Regional Perspectives on Human Rights: The USSR and Russia, Part One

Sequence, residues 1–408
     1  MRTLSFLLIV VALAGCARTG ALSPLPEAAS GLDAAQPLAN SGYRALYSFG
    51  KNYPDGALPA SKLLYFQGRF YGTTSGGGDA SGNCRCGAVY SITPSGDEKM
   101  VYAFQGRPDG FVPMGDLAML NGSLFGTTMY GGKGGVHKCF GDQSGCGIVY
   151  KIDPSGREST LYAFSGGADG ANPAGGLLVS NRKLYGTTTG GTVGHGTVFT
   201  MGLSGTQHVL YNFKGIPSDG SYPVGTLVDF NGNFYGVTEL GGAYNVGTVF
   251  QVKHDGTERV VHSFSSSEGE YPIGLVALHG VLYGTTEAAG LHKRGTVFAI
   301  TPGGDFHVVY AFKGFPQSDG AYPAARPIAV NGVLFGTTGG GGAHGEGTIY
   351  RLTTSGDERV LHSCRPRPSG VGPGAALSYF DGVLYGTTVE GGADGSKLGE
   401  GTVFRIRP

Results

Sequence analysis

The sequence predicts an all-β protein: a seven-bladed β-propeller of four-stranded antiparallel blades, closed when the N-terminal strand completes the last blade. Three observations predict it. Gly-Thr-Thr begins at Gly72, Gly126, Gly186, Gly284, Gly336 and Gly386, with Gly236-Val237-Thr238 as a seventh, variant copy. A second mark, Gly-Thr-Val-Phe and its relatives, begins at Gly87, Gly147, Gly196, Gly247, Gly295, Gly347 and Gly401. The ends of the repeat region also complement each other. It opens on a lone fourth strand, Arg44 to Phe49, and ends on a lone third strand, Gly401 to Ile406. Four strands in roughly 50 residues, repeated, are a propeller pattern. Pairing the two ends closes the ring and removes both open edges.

The Soviet Union advocated a conception of human rights different from the notion of rights prevalent in the West. Western legal theory emphasized the so-called “negative” rights: that is, rights of individuals against the government. The Soviet system, on the other hand, emphasized that society as a whole, rather than individuals, were the beneficiaries of “positive” rights: that is, rights from the government. In this spirit, Soviet ideology placed a premium on economic and social rights, such as access to health care, adequate and affordable basic food supplies, housing, and education, and guaranteed employment.